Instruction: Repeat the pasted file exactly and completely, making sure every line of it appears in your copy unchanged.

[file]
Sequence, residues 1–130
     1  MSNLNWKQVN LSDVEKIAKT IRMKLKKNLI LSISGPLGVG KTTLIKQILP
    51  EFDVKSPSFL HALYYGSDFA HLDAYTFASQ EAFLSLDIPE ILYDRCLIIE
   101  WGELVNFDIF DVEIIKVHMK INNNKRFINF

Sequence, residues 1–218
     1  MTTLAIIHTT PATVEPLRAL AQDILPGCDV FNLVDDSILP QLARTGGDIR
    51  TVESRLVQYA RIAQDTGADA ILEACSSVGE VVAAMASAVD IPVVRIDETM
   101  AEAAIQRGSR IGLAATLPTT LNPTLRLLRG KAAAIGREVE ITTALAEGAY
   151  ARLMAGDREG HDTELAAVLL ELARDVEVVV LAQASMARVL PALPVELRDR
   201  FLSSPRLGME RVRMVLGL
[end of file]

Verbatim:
Sequence, residues 1–130
     1  MSNLNWKQVN LSDVEKIAKT IRMKLKKNLI LSISGPLGVG KTTLIKQILP
    51  EFDVKSPSFL HALYYGSDFA HLDAYTFASQ EAFLSLDIPE ILYDRCLIIE
   101  WGELVNFDIF DVEIIKVHMK INNNKRFINF

Sequence, residues 1–218
     1  MTTLAIIHTT PATVEPLRAL AQDILPGCDV FNLVDDSILP QLARTGGDIR
    51  TVESRLVQYA RIAQDTGADA ILEACSSVGE VVAAMASAVD IPVVRIDETM
   101  AEAAIQRGSR IGLAATLPTT LNPTLRLLRG KAAAIGREVE ITTALAEGAY
   151  ARLMAGDREG HDTELAAVLL ELARDVEVVV LAQASMARVL PALPVELRDR
   201  FLSSPRLGME RVRMVLGL